Feeling sorry for myself, having fulfilled my commitments for the day by 12 noon, I was at a loss for something to do with myself.
I know I am about to get a head cold, there is a strange sore feeling at the back of my nose, when that happens I know I will get a running nose, ending with my nasal tracts being stuffed up and blocked.
As I was a long walk from home, perhaps an hours walk which is good for me as it is exercise, my mind suddenly came up with an Idea. In the distance a fast train raced down the rail track to some far off destination, and I thought, why can’t I be on that train?
My mind raced through distant places, as my eyes caught a plane reaching for the sky having just taken off from Heathrow, Penang in Malaysia, Machu Picchu in Peru, Rome in Italy, Erzincan in Turkey, all places far far away, too far.
How about Brighton on the South Coast of England, Bognor Regis another seaside town on the South Coast? I love the seaside.
Then I had a Eureka moment, Exeter in Devon.
Exeter is a town I had never been to, but heard about. My school friend from many years ago, Ronald Rose, used to go on holiday there, and back at school would not stop talking about it. My mind was made up, Exeter here I come.
My local train service, South West Trains, had a train that went there. I would see the City of Exeter I had wondered about for all these years, and as a sea port, be able to see the sea.
By 12:20 midday, with a sandwich, with fillings I had never heard of, and orange drink in hand I joined the train, and soon we were racing through the countryside, visiting railway stations, picking-up and dropping-off passengers, my mind fantasizing what I might see at the other end of the line, nearly four hours away.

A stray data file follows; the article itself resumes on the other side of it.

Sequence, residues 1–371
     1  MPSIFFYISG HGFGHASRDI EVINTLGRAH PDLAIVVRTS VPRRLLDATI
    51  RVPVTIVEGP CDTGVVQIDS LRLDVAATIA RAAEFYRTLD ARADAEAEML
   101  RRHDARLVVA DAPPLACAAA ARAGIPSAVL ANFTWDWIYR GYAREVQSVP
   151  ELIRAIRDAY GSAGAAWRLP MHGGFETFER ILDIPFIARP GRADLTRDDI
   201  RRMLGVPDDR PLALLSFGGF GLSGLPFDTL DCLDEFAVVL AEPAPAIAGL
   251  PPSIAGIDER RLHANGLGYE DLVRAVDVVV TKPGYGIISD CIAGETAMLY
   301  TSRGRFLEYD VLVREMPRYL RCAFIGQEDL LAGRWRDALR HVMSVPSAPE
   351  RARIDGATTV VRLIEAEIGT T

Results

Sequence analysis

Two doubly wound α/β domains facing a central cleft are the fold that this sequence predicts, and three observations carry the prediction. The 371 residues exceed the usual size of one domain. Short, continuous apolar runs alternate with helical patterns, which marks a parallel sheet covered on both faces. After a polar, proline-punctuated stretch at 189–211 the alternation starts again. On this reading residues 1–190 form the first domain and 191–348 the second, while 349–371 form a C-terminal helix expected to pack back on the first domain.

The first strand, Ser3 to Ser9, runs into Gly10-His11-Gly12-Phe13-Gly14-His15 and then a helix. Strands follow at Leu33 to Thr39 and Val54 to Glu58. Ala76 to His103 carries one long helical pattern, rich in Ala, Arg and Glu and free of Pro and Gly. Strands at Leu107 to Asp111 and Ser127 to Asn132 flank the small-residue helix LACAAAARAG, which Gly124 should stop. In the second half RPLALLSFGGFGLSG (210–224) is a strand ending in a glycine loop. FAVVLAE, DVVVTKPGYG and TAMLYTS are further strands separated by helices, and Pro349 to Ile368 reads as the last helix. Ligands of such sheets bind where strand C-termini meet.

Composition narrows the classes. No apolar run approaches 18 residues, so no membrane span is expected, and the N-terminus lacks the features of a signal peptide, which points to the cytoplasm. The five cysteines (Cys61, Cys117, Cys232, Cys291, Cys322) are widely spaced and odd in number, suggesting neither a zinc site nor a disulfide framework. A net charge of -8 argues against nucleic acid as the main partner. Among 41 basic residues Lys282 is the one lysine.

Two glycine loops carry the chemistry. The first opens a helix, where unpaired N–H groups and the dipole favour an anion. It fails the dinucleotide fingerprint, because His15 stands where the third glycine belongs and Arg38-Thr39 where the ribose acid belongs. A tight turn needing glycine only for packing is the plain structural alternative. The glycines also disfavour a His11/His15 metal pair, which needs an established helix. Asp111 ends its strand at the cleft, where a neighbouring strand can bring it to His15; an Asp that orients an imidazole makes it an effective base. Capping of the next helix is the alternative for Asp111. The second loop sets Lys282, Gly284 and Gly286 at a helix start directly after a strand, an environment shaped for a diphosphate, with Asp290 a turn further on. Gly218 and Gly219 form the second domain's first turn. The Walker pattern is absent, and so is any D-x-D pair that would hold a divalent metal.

At Salisbury, the nine carriage train parted, the first six carriages of to Exeter, the last three off to Bristol. Although I knew I was sitting in the correct part of the dividing train, a slight panic raced through my mind, “was I on the correct train?“.
The speed of the train now reduced as we stopped at more frequent stations, some with platforms too small, so only the first three carriages of the six was actually in the station.
At one station we were held for five minutes. Why?
The rails was single track, with only limited places where trains could pass, so there could be only one train at a time on the track, one up train and one down train.
This did not bode well, small stations, single rail track, we must be leaving the hustle and bustle of suburbia, of London.
Eventually arriving in Exeter Central Station, one stop before the end of the line, I searched the city center map on the wall.
“Where’s the sea?“
No where to be seen, so I headed to the city center, from there I must find the sea.
With seagulls squawking overhead, that must be a good sign surely, I headed down a steep hill, leading to a valley which I reasoned must contain a river which will lead me to the sea, and sure enough, there was the river, but no sign of the sea.
Nearby, was an old ruin, was it an old church, or a castle, or just an old warehouse? Some one was working on the stones, obviously an archaeologist, but I could see no information to help me.